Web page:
A.R.M., T.C. and C.A.T. designed the experiments and wrote the manuscript with input from K.S. and all authors. T.C. processed DPCs, generated and characterized iPSCs, NPCs and neurons, and performed cell number, proliferation, and apoptosis experiments as well as FZD9 knockdown and overexpression and statistical analysis. C.A.T. performed C1 single-cell analyses, synaptic quantification, calcium imaging, cell density experiments, live neuronal morphology analysis and statistical analysis. B.C.F. performed MEA recording, PCR for retrovirus silencing and Wnt pathway gene-expression analysis. B.C.F. and S.E.R. prepared astrocytes for co-culture experiments, NPC characterization by flow cytometry and CHIR 98014 experiments. K.S. designed all morphometry experiments with B.H.-M. and B.J., and co-wrote the manuscript to link the various levels of investigation from the whole-brain imaging findings to the cellular level. L.S. prepared Golgi staining for post-mortem neurons with help from K.L.H. and B.J. B.H.-M. obtained morphometric data on iPSC-derived neurons and post-mortem neurons. D.X.Y., M.C.M., C.A.T. and L.M. performed calcium transient experiments and statistical analysis. T.T.B. performed brain scan and statistical analysis with help from A.M.D. C.B. performed electrophysiological tests. M.D., W.W., P.L. and Y.M.S. performed neurocognitive and social tests. A.J., Y.M.S., and M.C.A. performed analyses and interpretation of social/neurocognitive tests. R.H.H. performed bioinformatics analysis. L.D. and J.R.K. confirmed deletion of all cells from participants with WS who donated them for reprogramming. E.H., U.B., F.H.G., K.S. and A.R.M. edited the manuscript for publication.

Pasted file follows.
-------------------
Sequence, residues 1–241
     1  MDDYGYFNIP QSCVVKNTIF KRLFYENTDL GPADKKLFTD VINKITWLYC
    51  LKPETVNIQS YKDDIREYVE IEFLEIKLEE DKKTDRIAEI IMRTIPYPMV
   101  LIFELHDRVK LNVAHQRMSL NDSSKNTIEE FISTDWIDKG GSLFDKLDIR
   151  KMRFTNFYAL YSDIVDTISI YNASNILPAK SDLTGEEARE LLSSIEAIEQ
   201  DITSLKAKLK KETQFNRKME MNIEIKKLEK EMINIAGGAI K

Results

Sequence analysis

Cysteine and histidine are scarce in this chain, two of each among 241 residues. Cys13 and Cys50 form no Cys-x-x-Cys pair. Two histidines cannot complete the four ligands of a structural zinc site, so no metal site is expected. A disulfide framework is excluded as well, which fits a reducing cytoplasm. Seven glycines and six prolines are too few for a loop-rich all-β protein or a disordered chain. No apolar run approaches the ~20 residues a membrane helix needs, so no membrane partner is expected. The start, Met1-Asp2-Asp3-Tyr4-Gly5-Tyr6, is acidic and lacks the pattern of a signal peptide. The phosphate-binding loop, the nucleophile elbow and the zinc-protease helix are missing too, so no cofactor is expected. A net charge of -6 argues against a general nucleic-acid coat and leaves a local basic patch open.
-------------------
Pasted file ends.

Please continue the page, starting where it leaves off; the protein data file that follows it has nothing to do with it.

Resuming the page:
Corresponding authors

Correspondence to Katerina Semendeferi or Alysson R. Muotri.

Extended data

Supplementary information

PDF files

  1. 1.

    Supplementary Information

    This file contains Supplementary Note 1, Supplementary Tables 1-13 and Supplementary References.

About this article

Publication history






Further reading


By submitting a comment you agree to abide by our Terms and Community Guidelines. If you find something abusive or that does not comply with our terms or guidelines please flag it as inappropriate.